This is the second chapter of the Creating your first crawler tutorial. In the first chapter, we created a crawler that opens the front page of Hacker News. Now we are going to scrape some data from it.

Page function


Page function is a piece of JavaScript code that is executed in the context of every web page that the crawler visits. This is where you define how you want to extract the data. Although you can write the code in plain JavaScript, it's much more convenient to use the jQuery library like we do in this tutorial.

By default, Page function has the following implementation:

function pageFunction(context) {
    // called on every page the crawler visits, use it to extract data from it
    var $ = context.jQuery;
    var result = {
        myValue: $('TODO').text()
    };
    return result;
}

Note that the jQuery object is accessible through context.jQuery. The data you want to extract from the page has to be returned from the pageFunction() - this is what will be displayed in the Results tab of the Run console.

Finding jQuery/CSS/XPath selectors


Let's extract the title of the first article on Hacker News. To do that, we'll try to find a selector that corresponds to the title's HTML element. Modern web browsers provide tools that make this task pretty easy. For example, in Google Chrome you can right-click on any HTML element and then click Inspect to open Chrome Developer Tools:



It will show something like this:



In the Elements tab you can see the HTML structure of the web page. The best way to find a selector for an HTML element is to look for its ID (<tag id="xxx">) or CSS class name (<tag class="xxx">). If the HTML element has no class or ID, maybe some of its parents have and the path to the desired child element can be uniquely described using another selector. There are typically many ways to construct selectors - let your inner hacker shine!

For example, you can see that each Hacker News article has class="athing" (hover a mouse over the HTML code in the Elements tab and the corresponding element on the page will be highlighted). Also note that every parent element of our desired title text has class="title". If we find the first "athing" element and return the text of its "title" sub-element, we'll have the title that we need. With jQuery, this translates to the following code:

$('.athing:eq(0) .title').text()

In the code above, the "." operator selects CSS classes, ":eq(0)" limits the result to the first element found and text() returns the plain text content of matching elements. To learn more about jQuery, check this tutorial.

To test your jQuery code in Chrome Console, you might need to inject jQuery into the web page in case it does not already use it (yes, it happens). Simply paste the following code in the Console and press ENTER:

var jq = document.createElement('script');
jq.src = "https://ajax.googleapis.com/ajax/libs/jquery/2.2.2/jquery.min.js";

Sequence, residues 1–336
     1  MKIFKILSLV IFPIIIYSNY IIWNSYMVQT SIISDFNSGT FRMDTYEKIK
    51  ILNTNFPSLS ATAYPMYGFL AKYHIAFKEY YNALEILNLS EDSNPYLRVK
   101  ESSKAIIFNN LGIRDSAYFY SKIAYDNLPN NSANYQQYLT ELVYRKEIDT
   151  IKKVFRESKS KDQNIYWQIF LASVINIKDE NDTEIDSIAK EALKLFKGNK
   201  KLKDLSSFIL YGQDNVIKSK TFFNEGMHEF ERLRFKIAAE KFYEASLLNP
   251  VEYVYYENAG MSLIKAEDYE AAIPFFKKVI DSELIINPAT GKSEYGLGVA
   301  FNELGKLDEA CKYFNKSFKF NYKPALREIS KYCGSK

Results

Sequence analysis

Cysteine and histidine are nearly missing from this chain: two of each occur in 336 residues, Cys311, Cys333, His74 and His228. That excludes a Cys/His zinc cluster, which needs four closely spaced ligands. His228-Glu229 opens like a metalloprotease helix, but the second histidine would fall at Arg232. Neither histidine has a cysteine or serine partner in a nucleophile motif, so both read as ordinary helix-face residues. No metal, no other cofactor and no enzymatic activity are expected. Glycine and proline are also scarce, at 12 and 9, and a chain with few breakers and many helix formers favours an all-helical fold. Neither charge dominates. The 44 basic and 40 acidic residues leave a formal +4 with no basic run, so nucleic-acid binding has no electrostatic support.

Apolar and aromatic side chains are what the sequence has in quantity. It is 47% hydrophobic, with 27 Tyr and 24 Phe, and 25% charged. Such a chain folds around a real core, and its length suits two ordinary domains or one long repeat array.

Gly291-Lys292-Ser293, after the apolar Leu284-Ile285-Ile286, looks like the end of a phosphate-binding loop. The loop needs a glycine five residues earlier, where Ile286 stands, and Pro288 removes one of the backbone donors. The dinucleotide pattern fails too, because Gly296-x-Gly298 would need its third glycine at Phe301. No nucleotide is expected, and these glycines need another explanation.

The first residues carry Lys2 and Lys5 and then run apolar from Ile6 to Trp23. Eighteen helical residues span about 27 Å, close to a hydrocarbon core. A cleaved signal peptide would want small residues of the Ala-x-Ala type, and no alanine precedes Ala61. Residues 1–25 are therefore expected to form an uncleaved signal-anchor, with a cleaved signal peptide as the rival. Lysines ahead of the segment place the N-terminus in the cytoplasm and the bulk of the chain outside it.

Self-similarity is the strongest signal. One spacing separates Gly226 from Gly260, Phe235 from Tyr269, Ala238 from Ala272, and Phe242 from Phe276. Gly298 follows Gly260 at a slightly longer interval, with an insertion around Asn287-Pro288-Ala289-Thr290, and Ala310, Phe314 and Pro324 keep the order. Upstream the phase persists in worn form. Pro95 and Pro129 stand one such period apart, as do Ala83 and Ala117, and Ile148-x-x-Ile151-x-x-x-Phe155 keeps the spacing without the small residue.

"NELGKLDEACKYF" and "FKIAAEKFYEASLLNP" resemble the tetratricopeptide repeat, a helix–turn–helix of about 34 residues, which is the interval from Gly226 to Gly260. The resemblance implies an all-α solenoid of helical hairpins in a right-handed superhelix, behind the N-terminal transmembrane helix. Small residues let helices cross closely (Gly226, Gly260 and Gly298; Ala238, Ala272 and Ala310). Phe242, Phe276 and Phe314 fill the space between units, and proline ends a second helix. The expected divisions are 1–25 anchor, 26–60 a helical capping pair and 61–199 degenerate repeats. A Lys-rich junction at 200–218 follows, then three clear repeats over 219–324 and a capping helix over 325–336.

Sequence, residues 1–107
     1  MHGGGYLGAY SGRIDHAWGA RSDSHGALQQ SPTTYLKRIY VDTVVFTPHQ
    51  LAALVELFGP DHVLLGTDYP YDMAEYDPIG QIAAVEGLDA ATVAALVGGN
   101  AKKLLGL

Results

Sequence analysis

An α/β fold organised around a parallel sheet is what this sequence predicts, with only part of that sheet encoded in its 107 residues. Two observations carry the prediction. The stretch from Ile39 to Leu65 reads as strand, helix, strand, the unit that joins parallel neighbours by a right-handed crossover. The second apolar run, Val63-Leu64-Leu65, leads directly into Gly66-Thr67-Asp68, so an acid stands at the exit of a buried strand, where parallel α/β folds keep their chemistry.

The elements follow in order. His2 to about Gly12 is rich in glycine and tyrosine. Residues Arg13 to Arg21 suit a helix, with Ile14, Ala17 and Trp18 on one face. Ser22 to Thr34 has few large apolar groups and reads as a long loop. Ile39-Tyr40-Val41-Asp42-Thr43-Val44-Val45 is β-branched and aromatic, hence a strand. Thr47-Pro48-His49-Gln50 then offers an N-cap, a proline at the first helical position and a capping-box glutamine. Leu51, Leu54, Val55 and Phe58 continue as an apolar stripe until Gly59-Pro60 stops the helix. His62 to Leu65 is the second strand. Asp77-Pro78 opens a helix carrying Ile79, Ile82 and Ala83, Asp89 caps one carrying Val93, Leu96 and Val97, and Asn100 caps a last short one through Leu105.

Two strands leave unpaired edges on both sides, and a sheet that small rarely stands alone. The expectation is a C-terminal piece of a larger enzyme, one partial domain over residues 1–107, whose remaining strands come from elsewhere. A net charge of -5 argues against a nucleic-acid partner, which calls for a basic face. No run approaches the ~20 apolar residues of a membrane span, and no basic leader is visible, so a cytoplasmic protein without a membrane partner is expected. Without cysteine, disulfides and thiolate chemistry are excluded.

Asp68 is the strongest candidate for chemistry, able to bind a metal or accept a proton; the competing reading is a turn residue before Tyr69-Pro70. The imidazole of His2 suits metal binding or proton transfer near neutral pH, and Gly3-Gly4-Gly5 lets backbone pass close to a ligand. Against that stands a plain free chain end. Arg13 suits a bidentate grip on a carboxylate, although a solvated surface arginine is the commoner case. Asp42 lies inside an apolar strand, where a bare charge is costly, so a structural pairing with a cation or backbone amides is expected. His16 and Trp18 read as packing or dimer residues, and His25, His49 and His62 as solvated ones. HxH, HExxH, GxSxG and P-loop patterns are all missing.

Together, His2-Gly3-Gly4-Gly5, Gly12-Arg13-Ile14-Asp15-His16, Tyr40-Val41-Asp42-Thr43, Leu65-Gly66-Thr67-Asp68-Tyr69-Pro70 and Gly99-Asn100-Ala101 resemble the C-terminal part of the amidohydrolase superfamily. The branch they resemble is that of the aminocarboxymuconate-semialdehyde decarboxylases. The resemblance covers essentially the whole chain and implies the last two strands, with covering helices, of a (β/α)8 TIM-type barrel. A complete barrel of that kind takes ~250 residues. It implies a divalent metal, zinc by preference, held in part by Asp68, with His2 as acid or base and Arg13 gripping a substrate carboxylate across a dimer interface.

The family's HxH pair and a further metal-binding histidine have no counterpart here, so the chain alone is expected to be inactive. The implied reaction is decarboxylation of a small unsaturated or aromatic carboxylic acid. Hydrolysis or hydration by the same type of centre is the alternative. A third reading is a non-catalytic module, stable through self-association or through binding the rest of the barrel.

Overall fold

document.getElementsByTagName('head')[0].appendChild(jq);

Running the above jQuery code will show something like this:



Note that the returned text also contains a Hacker News rank, which we don't want to include right now. Since the rank element also has class="title", we only need to limit the selector to the second "title" element:

$('.athing:eq(0) .title:eq(1)').text()

Alternative tools for selectors


If jQuery is not your cup of tea, you can use plain CSS selectors and the native document.querySelectorAll() function. The native equivalent of the above jQuery code will look like this:

document.querySelectorAll(".athing:nth-of-type(1) .title")[1].textContent

Alternatively, if you prefer XPath, you can also use the document.evaluate() function:

document.evaluate('//tr[@class="athing"][1]/td[@class="title"][2]', document, null, XPathResult.STRING_TYPE, null).stringValue

Returning results

Now that we have tested our jQuery selector in a web browser we can use it in our Page function to extract the title of the first article on Hacker News. The pageFunction() can return any object that can be stringified to JSON:

function pageFunction(context) {
    // called on every page the crawler visits, use it to extract data from it
    var $ = context.jQuery;
    var result = {
        title: $('.athing:eq(0) .title:eq(1)').text()
    };
    return result;
}

And that's all - just the one extra line of JavaScript code. Now you can save and run the crawler again and open the Results tab. You should see a table containing the title of the first Hacker News articles as well as the URL of the source page:



In the Full data tab you can find all details about the last crawl in JSON format, as well as links to the same data in HTML, CSV and XML formats.

In the next chapter we will improve our crawler to extract all the attributes of all Hacker News articles.

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